The Cincinnati Enquirer from Cincinnati, Ohio on April 19, 2000 · Page 12
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The Cincinnati Enquirer from Cincinnati, Ohio · Page 12

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Cincinnati, Ohio
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Wednesday, April 19, 2000
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Page 12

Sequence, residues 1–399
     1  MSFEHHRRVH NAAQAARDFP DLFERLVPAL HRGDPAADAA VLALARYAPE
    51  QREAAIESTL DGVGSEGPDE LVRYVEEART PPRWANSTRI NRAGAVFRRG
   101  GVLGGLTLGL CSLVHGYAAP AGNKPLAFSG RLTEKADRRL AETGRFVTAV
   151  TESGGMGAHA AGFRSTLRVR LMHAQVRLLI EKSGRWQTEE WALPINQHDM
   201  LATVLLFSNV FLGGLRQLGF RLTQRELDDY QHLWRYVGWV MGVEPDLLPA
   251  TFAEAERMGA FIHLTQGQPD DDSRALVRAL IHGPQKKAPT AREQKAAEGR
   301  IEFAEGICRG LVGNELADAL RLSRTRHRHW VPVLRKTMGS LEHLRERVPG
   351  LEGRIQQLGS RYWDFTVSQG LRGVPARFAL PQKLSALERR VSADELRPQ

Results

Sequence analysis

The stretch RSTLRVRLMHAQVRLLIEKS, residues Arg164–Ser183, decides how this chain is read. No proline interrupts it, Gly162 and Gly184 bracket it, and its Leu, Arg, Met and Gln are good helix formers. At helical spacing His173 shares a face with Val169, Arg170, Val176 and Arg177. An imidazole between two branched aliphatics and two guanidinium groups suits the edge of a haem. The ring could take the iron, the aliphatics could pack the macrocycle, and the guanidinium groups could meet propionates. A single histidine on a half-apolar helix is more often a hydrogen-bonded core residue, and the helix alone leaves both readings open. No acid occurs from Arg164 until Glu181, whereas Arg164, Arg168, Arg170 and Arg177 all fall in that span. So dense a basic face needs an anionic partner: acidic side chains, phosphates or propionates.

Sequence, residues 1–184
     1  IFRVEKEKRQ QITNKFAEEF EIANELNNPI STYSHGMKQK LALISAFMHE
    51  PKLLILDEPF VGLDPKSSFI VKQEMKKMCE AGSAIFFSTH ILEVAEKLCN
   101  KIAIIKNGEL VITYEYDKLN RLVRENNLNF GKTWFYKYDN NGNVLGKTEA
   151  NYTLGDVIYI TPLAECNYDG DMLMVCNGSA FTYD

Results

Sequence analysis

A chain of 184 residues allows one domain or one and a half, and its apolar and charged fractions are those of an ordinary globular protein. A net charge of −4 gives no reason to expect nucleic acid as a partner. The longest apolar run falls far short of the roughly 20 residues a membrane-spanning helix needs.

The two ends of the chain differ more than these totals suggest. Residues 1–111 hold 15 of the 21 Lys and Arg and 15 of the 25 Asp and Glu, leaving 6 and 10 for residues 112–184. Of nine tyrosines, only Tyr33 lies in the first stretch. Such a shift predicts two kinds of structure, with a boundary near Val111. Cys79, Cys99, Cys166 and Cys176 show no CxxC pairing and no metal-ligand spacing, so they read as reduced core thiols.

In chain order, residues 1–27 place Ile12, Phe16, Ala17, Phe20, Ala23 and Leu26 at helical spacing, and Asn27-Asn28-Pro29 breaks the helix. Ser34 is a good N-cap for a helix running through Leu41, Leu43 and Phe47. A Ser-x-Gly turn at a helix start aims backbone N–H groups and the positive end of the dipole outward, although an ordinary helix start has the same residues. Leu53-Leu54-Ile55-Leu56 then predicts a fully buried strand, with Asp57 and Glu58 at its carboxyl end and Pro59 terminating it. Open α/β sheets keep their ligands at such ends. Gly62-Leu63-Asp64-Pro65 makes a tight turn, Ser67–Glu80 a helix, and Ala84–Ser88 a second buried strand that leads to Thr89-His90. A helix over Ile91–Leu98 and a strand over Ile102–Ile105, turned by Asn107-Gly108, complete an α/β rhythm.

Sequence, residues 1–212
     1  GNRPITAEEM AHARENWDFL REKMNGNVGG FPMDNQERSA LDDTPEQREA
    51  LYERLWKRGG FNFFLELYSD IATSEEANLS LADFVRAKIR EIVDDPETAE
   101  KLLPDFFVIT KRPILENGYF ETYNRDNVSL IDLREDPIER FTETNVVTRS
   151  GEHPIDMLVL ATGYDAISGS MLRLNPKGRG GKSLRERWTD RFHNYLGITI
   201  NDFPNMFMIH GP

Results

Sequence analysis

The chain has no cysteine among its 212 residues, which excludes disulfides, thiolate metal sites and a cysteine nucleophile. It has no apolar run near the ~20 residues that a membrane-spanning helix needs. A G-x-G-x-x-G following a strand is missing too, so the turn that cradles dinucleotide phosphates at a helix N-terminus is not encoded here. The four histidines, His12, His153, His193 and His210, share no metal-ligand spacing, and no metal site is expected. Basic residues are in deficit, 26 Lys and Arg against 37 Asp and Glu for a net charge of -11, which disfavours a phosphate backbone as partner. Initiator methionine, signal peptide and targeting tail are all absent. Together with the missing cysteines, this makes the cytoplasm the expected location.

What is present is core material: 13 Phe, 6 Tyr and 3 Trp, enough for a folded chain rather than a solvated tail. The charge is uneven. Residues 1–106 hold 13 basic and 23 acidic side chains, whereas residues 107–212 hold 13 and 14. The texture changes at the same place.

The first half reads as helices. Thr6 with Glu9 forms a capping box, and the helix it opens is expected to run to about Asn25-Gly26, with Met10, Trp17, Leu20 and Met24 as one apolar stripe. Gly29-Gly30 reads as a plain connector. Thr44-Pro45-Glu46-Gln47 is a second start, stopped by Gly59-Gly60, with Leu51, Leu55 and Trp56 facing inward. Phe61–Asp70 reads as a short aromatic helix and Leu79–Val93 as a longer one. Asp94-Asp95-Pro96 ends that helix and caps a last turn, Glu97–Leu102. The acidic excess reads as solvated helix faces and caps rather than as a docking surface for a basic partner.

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A 12 WEDNESDAY, APRIL 1 9, 2000 Shooting: Deputy kills attacker From Page Al than two miles away. The sheriff said Timothy Lucas' brother, Michael Lucas of Cole-rain Township, told detectives he ! had been distraught because an ; older man who befriended him had ; recently been placed in a nursing ' home. "There was some indication I that the brother was not surprised this had happened," Sheriff Leis said. I Michael Lucas told investiga-; tors his brother "had become very agitated" when his friend, ' with whom he shared an interest in model railroading, went into the nursing home. Michael Lucas is Timothy Lucas' only living relative, the sheriff said. The sheriff, relating Deputy Vi-ner's account, said the officer pulled over Mr. Lucas, who was driving his 1986 Buick on Banning Road, at about 2:40 a.m. when he saw the car had two different license plates - a temporary tag and a regular plate. After Mr. Lucas gave the officer his driver's license, Deputy Viner returned to his cruiser and determined both license plates . were expired and the temporary tag had been altered, the sheriff said. "At this point, the officer advised Mr. Lucas that the (car) would need to be towed. Mr. " Lucas became non-compliant and , attempted to insert his keys in the ignition," the sheriff said. When the deputy reached in to take the keys, Mr. Lucas grabbed the pipe "and started swinging (it) through the window at the officer. The officer retreated and Mr. Lucas came out of the vehicle charging the officer with the pipe above his head," Sheriff Leis said. Deputy Viner told investigators Military readiness plan blasted : By Andrea Stone - VSA Today - WASHINGTON - The Penta gon's focus on being capable of fighting two major wars at once is outdated and inadeauate to meet the threats the nation will face in the next 25 vears. when economic security issues will rival military ones, a blue-ribbon panel will re port today. The report by the bipartisan U.S. Commission on National Se curity, known as the Hart-Rud-man Commission after its co-chairmen, former Sens. Gary Hart, D-Colo., and Warren Rud-man, R-N.H., is a broad blueprint for national security in the 21st century. The commission says the two-war strategy, which envisions being able to fight simultaneously in the Persian Gulf and the Korean peninsula, is a relic of the Cold War era. It says forces are ill-designed for modern missions such as peacekeeping in Kosovo or humanitarian relief in Africa. The panel identified five key . components me military win neeu. Conventional, heavy forces to win major conflicts like the Per-" sian Gulf War. I Lighter, rapidly deployable ; forces to respond to smaller cri- . , .' A homeland security force that would operate a national missile defense system, control borders and airspace and protect against terrorist attacks. Specially trained units for humanitarian, military police and peacekeeping missions. The report also calls for more attention to the spread of nuclear, biological and chemical weapons and the threat of terrorism. It said, "Outer space and cyberspace must become a high priority of U.S. security planning." Nev. horse-slaying trial to be moved The Associated Press VIRGINIA CITY, Nev. - In a legal move rarely seen in Nevada, a district judge ordered a change of venue in the case of three men accused of killing wild horses, saying media coverage has stacked tiny Storey County against them, Two former Marines, Lance Cpls. Darien Brock, 22, and Scott Brendle, 23, and a former high school buddy, Anthony Merlino, 21, were arrested in January 1999. The two Marines were given dishonorable discharges. The men were accused of killing more than 28 horses with high-powered rifles, but are charged in the death of one mustang, a misdemeanor punishable by up to one year in jail and a $2,000 fine. WE What's next Whenever a Hamilton County sheriffs deputy is involved in a shooting incident, two separate investigations are launched, said sheriff's spokesman Steve Barnett. The results of both investigations are reviewed by Hamilton County Sheriff Simon L. Leis Jr. and the Hamilton County he retreated about 40 feet - between his cruiser and the Buick and then toward Banning Road. He twice ordered Mr. Lucas to stop. When Mr. Lucas came within seven to eight feet of the deputy, he fired the shot and called for a life squad, the sheriff related. There was no time for the deputy to summon help. A tape of the incident released by the Hamilton County Communications Center indicates the first radio contact after the traffic stop was: "Shots fired" and, then, "Officer needs assistance." Mr. Lucas had no prior run-ins with the law. The preliminary investigation does not indicate drugs or alcohol were involved although a blood test has been ordered to verify it, the sheriff said. Sheriff's investigators described Mr. Lucas as a lifelong resident of the area who never married and as "a loner" who did a number of odd jobs but had no regular employment. He lived alone in a modest brick, ranch-style home. Jan Highley, a neighbor of Mr. Lucas on Stevie Lane, said Mr. Lucas was a quiet man who lived by himself and offered to mow the If the other guys' deals are so good, why do they make you sign a contract? n 125 minutes, Free LD & Roaming 500 minutes, Free LD 600 minutes, Free LD & Roaming $29.99 $59.99 $89.99 www.cbwireless.com 1 - 800 - For every new activation, $2 goes toward the Boomer Esiason Foundation's Requires credit approval for service, activation on a CBW Digital PCS tervtca pn. end the purchase of a CBW Digital PCS phone. Valid major credit card may be required for billing. All minutes of use service plan minutes may vary. Additional minutes of use are charoed at a separate per minute rate, determined by service plan. Requites service address in the Cincinnati Bell Wireless local coverage minutes each month must be Cincinnati Bell Wireless home area minutes. Charges from serving carriers may be delayed. International long distance, tales, and other applicable service charges may effective through 12jl00. FROM PAGE A 1 Prosecutor's Office. One investigation is conducted by detectives from the sheriffs Criminal Investigation Section, which is responsible for all criminal investigation, Mr. Barnett said. The other investigation is done by the Internal Affairs Division of the sheriffs office, led by retired Cincinnati Police Lt. Col. Bruce Knox. lawns of neighbors in the area. "This is hard for me to believe," said Ms. Highley. "He didn't bother anybody. There was no trouble. (What happened) doesn't sound like him at all." Said Sheriff Leis: "I can't explain how things like that happen. This was a very unfortunate shooting. When (Deputy Viner) was advised that (Mr. Lucas) had died, the first question out of his mouth was whether or not he had any children or a family. I find this whole thing hard to believe, myself. I do not understand what prompted (Mr. Lucas) to do this." Deputy Viner had two regularly scheduled off days Tuesday and today and will be provided any administrative leave and psychological help he might need, the sheriff said. The deputy joined the sheriffs' department on June 16, 1994. He served as a corrections officer for 4'2 years, then eight months as a patrol clerk before being promoted to patrol officer a year ago. Sheriff's spokesman Steve Barnett said Deputy Viner's service record is unblemished and the sheriff called him "an outstanding young officer." The last time shots were fired by a sheriff's deputy was Oct. 26, I 1 1' Simply the best I ' J deals m wM 8. I : O (i) Q Cincinnati Bell Wireless: terrific deals; great service, and excellent phones. 500 - 1CBW Because there were no witnesses to Tuesday's fatal shooting in Colerain Township of Timothy W. Lucas by Deputy Robert Viner, the investigations will focus on the statements made by the deputy and how those coincide with facts culled from the crime scene investigation, said Mr. Barnett said. - Wall Schaefer 1999 in Madison Place, Columbia Township. Two rounds were discharged during a struggle between Darrell Mann, who was stopped on a traffic violation by Sheriff's Deputy Kevin Illing, Mr. Barnett said. After the struggle, Mr. Mann took the deputy's gun, pointed it at him, and then drove off in his cruiser. He later abandoned the car and ran to his home on Faith Street. He surrendered to police after a three-hour standoff. The last time a sheriffs deputy was involved in taking a life in the line of duty was during a robbery stakeout on March 19, 1982, at O'Cull's Drug Store in North Bend, Mr. Barnett said. Cincinnati and Hamilton County officers killed John Henry Durham of Price Hill and Willoughby Lee Murphy of Cincinnati's Mohawk neighborhood. The names of officers involved in the shooting were not released because authorities feared their lives would be endangered by friends of the two men. The Ohio Supreme Court rejected a request in June 1983, made by the Queen City Chapter of the Society of Professional Journalists, to release the officers' names. Cincinnati Dell" . . THE CINCINNATI ENQUIRER Canadian teen arrested in Web attacks USA Today WASHINGTON - Authorities investigating the attacks in Febru ary on some of the world s most popular Internet sites say they have made a major breakthrough with the arrest of a juvenile in Canada. Canadian law-enforcement officials are expected to announce the arrest of the suspect today at a . news conference in Montreal. "The investigation has given authorities the opportunity to bring light on Internet attacks that have strongly shaken the heart of electronic commerce worldwide, causing losses that were valued at many hundreds of - millions of U.S. dollars," the Royal Canadian Mounted Police said in a written statement late Tuesday. The unidentified juvenile's arrest comes more than two months after the assaults disabled the sites of several electronic commerce giants, including Yahoo, eBay and Amazon.com. Millions of customers were denied access to more than a half-dozen popular Internet sites during several days in early February. Yahoo, one of the busiest gateways to the Internet, was disabled for more than three hours, preventing users from getting to e-mail, news pages and other activities. The attacks led to an international manhunt for the culprits and exposed technological vulnerabilities among some of the new economy's leading players. 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